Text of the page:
Kevin Pyle is an author, illustrator and teacher who turned his recent return to the southern border into a graphic Op-Ed for the Times.
Kevin joined host Lisa McRee to talk about his experience.
What You Need To Know
- Kevin Pyle is an author, illustrator and teacher who turned his recent return to the southern border into a graphic Op-Ed for the Times
- He returned to the border after five years to see what has changed and what has stayed the same
- One of the things that stood out to Kevin was old fencing that was lying in piles throughout the border
- During his trip, Pyle met an artist named Alvaro Enciso, who commemorates migrants who have passed away while trying to cross the border
Pyle said he wanted to revisit the border to see what was built during the Trump administration.
"When I was there in 2016, I had a visceral reaction to the 18-foot wall. I went back to areas where they have torn that out. It was only built in the 90s, and now it is twice as high – it is like 30 feet tall. It is eerie, and it is shocking. And as much as I tried, the images can't even really capture how surreal it is."
One of the things that stood out to Pyle was old fencing lying in piles throughout the border.
"As we drove along the border, we would see these big piles of old fencing. And it seems that rather than extend the wall they had, they tore out pieces that were the newest sections of it and built this larger wall. Basically, just building it bigger in some of the same areas. My theory is that they couldn't get permissions for the other areas or take more time, and they want to get something done. But, it is shocking to come over a hill and see a big pile of rusty metal," Pyle said.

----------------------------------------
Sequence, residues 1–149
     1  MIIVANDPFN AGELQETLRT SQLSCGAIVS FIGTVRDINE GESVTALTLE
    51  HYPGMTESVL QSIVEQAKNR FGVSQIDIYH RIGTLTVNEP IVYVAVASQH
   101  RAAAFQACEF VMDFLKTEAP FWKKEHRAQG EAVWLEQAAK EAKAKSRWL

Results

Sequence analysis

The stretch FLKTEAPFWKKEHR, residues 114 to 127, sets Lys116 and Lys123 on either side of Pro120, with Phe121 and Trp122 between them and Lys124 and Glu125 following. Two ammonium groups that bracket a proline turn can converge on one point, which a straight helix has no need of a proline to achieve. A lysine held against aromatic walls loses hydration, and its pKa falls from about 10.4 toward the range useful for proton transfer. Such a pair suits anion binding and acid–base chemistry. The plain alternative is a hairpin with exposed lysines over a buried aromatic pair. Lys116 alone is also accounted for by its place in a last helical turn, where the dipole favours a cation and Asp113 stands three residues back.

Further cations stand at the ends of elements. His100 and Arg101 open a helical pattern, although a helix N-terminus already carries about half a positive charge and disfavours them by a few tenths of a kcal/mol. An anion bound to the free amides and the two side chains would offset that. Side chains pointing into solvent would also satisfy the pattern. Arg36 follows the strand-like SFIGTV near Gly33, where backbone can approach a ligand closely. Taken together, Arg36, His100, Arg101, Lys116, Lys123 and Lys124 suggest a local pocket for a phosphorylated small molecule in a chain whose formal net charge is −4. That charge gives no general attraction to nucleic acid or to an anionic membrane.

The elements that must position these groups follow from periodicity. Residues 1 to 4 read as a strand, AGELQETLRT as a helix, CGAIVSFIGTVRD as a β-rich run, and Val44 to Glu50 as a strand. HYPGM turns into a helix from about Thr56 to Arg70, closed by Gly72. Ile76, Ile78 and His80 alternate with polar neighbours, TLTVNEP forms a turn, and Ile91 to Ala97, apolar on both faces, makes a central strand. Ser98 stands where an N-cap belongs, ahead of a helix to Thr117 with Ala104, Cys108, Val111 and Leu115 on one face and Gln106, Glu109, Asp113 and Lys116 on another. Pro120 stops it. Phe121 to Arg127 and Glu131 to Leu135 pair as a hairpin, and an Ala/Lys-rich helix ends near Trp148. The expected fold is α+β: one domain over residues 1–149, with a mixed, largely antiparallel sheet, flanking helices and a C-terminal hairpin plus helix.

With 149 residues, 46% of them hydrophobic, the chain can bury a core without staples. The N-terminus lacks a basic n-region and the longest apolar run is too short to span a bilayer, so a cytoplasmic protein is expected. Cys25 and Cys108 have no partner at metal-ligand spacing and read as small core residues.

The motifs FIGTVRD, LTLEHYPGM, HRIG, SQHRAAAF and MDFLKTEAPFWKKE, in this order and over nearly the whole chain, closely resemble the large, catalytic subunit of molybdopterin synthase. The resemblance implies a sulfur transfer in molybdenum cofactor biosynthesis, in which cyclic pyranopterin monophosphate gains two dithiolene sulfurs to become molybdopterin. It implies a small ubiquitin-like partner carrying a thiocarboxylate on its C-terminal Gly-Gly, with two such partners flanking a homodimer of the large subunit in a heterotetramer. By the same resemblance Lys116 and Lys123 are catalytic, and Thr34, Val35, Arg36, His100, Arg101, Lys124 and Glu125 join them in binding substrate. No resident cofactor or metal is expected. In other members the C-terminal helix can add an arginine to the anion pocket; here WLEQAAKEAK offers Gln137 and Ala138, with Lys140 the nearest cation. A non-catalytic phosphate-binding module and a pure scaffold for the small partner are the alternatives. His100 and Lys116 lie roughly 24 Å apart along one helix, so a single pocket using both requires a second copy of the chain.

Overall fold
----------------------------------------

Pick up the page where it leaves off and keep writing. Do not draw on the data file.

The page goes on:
While many people supported the wall during the Trump administration because of the lack of border security, Pyle understands that point of view but says it is part of a more significant issue.
"It is an incredibly complicated situation. And that's one of the reasons I focused on the experience of seeing the world because to get into the policy in a 12-page comic is not possible. And frankly, it's complicated. But a bigger wall is not a complicated solution to a complicated problem. To me, it just seemed like such an obvious gesture of frustration,” Pyle said.
During his trip, Pyle met an artist named Alvaro Enciso, who honors migrants who have passed away while trying to cross the border.
"The wall was built in the 90s to kind of funnel people to the worst, most difficult parts of the desert. It was called prevention through deterrence. So many people have died out there. And they were found, and he felt compelled to mark, to memorialize them in some way. I think he wants to maintain their presence in the desert. He wants people to remember that they died away from family, away from friends. And a fair amount of them are not identified. So the idea is to mark their existence in some way,” he said.
Pyle has done illustrations for other books on immigration and said he chooses artwork to offer a different way to tell a story.
"I do feel like the combinations of words and pictures offers a dialog that happens between relatively straightforward language and more emotional pictures or, in this case, sort of more lyrical language with evocative pictures of landscape. And I feel that combination allows the reader to sort of fill in the gaps, and it gives them some emotional room to experience a situation,” he said.
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